Depp outraged Australia when he snuck his dogs into the country on his private Gulfstream V jet, circumventing Australia's strict biosecurity rules. Australia's customs requires that dogs have paperwork, get a course of rabies shots, then be tested to prove they are negative for rabies, and go through a quarantine period before being allowed on Australian soil.
 
The Australian government had originally announced they would confiscate and euthanize Depp's dogs. Luckily they have relented, and allowed him to fly them home unharmed, as long as they left by a deadline. Depp complied this time, and his dogs have been spared. 
 
And let that be a lesson to us mere mortals - don't try to sneak your pet into Australia!

Man saves dog from hot car - then gets arrested

Outrageous!
When Army veteran Michael Hammons spotted a Pomeranian mix trapped in a hot car in Athens, GA with the windows rolled up and no water inside, he knew he had to act fast. Dogs can die quickly under such circumstances, and the clock was ticking on this poor little pooch.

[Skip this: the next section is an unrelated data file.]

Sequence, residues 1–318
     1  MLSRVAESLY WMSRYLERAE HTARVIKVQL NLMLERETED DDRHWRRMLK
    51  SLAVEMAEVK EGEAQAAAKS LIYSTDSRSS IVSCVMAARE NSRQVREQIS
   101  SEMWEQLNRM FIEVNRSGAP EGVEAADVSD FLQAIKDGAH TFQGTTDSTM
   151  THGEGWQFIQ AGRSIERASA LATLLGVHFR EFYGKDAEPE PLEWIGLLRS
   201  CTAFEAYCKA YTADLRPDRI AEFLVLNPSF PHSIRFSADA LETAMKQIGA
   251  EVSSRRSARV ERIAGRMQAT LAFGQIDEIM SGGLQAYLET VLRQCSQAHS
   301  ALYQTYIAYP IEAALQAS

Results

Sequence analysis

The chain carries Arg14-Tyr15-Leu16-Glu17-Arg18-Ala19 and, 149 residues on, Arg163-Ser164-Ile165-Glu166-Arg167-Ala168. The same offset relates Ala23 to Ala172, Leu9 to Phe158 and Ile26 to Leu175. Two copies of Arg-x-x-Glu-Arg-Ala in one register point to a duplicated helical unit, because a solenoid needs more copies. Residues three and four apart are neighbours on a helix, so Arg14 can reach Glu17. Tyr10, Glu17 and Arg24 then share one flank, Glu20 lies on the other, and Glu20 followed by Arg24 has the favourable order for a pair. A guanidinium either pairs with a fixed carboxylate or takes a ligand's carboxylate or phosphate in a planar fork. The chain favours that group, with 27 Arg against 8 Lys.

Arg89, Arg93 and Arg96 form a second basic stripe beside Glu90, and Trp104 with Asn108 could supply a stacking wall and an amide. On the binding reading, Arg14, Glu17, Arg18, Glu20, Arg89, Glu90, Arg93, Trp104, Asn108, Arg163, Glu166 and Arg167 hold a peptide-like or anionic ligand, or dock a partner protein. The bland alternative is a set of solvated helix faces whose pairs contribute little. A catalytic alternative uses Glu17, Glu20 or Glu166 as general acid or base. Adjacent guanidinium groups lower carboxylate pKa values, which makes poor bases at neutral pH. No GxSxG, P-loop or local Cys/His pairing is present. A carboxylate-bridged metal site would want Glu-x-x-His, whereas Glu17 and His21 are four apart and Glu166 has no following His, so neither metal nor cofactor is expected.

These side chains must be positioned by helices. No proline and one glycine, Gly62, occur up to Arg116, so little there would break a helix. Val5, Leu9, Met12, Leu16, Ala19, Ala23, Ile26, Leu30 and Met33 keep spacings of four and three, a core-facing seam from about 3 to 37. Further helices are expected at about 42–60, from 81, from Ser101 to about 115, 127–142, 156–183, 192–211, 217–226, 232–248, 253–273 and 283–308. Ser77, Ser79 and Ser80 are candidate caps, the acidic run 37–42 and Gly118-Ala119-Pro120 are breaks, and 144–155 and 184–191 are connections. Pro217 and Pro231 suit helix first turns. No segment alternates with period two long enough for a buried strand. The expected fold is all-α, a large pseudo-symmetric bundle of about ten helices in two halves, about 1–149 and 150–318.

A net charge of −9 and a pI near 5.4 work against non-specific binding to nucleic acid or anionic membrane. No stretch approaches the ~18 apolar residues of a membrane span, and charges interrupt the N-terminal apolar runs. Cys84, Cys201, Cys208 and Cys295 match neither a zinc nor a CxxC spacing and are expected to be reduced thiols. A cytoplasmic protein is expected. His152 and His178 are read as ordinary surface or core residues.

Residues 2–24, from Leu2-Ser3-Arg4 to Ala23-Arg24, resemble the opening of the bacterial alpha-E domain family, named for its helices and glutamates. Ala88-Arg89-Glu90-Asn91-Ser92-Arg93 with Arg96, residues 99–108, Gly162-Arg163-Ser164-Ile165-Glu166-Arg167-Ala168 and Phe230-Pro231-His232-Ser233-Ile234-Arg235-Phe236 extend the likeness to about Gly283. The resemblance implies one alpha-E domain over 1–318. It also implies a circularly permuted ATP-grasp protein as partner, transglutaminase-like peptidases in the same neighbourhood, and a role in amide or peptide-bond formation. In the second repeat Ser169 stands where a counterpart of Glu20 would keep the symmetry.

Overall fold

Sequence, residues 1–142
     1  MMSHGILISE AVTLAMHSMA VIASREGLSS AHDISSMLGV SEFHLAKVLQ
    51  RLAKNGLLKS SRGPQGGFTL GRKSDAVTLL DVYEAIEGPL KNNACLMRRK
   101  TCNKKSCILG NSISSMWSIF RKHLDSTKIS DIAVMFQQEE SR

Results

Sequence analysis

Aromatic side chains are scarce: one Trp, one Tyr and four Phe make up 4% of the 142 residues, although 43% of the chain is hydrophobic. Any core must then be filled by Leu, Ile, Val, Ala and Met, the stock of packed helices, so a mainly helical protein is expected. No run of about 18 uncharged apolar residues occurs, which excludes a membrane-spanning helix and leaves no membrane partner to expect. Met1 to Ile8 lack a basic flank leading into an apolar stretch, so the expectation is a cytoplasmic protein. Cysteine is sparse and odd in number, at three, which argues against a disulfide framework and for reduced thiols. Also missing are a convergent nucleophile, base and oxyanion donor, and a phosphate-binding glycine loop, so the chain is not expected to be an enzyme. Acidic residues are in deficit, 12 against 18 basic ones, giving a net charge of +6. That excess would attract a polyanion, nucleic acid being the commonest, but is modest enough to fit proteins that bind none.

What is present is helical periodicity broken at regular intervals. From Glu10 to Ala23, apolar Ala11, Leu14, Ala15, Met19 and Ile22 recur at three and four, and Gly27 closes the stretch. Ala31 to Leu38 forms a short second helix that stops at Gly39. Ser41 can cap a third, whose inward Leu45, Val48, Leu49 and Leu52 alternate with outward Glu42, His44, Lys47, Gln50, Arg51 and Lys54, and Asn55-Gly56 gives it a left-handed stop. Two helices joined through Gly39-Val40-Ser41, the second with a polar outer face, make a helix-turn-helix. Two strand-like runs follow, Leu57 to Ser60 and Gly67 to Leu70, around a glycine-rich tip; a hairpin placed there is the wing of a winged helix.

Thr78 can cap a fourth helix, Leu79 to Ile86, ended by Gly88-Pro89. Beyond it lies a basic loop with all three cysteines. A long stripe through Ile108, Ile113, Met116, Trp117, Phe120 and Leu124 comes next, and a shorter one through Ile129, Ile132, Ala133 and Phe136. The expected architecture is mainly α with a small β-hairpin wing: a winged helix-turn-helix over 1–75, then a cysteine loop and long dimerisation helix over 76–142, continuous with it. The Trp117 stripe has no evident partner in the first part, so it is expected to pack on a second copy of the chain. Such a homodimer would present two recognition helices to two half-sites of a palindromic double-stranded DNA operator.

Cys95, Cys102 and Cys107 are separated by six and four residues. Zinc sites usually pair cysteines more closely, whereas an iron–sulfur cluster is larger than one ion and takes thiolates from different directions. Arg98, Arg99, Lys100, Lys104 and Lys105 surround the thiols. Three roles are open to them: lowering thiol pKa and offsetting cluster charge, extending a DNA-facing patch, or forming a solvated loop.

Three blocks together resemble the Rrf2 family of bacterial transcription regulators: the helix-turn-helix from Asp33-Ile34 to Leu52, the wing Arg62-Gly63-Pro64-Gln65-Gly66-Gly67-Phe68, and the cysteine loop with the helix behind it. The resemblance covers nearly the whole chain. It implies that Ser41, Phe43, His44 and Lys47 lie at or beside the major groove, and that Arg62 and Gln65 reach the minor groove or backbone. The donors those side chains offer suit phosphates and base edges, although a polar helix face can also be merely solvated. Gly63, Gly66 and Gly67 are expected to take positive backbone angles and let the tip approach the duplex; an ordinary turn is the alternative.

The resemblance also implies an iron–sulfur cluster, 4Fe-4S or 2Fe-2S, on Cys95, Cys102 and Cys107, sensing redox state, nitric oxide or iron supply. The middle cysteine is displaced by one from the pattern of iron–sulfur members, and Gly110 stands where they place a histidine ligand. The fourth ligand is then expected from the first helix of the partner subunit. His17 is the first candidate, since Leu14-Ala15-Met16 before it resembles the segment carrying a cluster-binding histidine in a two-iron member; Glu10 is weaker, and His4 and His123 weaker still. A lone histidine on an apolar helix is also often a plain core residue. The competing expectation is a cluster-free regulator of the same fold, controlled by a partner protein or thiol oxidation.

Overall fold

Hammons broke the Mustang's window, then took the dog to a nearby shady spot and gave it some water, where it quickly recovered. Unfortunately, the dog's owner did not appreciate Hammond's act. When she returned from the store a while later, she phoned the police and asked them to arrest Hammond for criminal trespassing.
 
Georgia law allows bystanders to break a car window to rescue a trapped human in distress, but makes no such provisions for dogs. The Sheriff's deputies reluctantly took Hammond into custody. 
 
Here's hoping someone will step forward to pay Hammond's fines. I can't believe he is being punished for having saved a dog's life!

Dog goes on wild ride

Bad puppy!
A black lab named Caroline took her owner's truck for a crazy spin recently, resulting in a surprising amount of damage. Caroline had been sitting in the back seat as her owners were driving around running errands, when something spooked the pup.
 
Startled, Caroline leaped into the front seat, then dove for the driver's side footwell of Michael and Ruth Smith's Dodge Ram pickup truck. In doing so, she pressed down on the accelerator. But before the Smiths could drag her out, it was too late: their truck crashed through a wooden fence and landed in a stranger's swimming pool.
 
Neither the Smiths nor Caroline were harmed in the accident. Lucky pup!